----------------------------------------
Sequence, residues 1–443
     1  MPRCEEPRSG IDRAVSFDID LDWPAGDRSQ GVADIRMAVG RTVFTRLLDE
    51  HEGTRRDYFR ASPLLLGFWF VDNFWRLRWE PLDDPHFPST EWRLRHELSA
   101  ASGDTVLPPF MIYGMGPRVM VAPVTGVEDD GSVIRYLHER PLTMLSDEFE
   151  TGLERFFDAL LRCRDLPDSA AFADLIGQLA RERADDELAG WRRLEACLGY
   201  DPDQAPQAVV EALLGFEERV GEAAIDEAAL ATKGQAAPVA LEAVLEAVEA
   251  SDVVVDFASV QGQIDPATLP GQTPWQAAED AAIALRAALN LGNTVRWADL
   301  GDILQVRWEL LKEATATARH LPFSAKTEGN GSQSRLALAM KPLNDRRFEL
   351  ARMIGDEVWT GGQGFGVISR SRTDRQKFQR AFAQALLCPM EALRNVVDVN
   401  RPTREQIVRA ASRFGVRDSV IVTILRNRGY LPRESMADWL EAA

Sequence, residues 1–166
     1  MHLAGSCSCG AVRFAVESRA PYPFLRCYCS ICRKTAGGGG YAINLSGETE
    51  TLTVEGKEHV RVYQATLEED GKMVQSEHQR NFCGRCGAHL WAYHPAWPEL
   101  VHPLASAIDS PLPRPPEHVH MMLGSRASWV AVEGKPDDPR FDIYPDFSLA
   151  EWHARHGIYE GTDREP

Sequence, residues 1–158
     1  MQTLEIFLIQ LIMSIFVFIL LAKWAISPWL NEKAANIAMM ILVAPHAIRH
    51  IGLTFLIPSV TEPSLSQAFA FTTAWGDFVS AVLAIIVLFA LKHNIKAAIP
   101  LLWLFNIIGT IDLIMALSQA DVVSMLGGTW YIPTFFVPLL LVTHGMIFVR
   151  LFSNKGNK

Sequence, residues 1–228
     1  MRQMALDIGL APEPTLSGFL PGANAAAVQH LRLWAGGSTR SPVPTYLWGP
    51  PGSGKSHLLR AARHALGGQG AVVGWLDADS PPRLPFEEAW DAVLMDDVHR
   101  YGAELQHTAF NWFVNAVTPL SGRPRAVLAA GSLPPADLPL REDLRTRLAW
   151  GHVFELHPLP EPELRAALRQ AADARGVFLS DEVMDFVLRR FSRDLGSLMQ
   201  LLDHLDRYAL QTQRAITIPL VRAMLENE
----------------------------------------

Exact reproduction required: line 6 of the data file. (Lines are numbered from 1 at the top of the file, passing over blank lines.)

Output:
   201  DPDQAPQAVV EALLGFEERV GEAAIDEAAL ATKGQAAPVA LEAVLEAVEA